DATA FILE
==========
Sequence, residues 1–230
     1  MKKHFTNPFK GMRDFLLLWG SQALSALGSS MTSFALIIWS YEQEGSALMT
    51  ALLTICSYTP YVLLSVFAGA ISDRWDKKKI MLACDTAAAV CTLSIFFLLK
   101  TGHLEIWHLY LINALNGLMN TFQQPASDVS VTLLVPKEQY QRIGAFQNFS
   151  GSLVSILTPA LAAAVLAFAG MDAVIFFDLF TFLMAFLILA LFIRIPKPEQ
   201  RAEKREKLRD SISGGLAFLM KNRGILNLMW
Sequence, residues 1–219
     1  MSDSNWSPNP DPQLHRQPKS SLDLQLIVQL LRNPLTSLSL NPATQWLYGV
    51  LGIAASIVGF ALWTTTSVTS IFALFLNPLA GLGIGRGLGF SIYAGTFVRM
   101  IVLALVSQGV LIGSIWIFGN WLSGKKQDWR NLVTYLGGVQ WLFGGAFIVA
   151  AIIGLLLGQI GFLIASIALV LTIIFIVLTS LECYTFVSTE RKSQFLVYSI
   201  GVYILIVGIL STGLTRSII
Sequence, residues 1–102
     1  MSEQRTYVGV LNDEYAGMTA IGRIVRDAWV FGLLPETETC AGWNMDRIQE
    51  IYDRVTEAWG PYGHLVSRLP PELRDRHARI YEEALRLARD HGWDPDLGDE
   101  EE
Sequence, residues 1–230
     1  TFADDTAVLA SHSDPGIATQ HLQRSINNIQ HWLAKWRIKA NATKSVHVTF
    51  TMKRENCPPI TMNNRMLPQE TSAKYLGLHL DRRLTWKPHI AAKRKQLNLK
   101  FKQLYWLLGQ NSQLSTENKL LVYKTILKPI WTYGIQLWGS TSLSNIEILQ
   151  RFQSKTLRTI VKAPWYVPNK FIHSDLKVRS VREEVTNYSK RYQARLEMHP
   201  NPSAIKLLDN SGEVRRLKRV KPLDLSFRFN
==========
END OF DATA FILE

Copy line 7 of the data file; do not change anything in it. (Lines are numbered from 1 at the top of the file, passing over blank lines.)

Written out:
Sequence, residues 1–219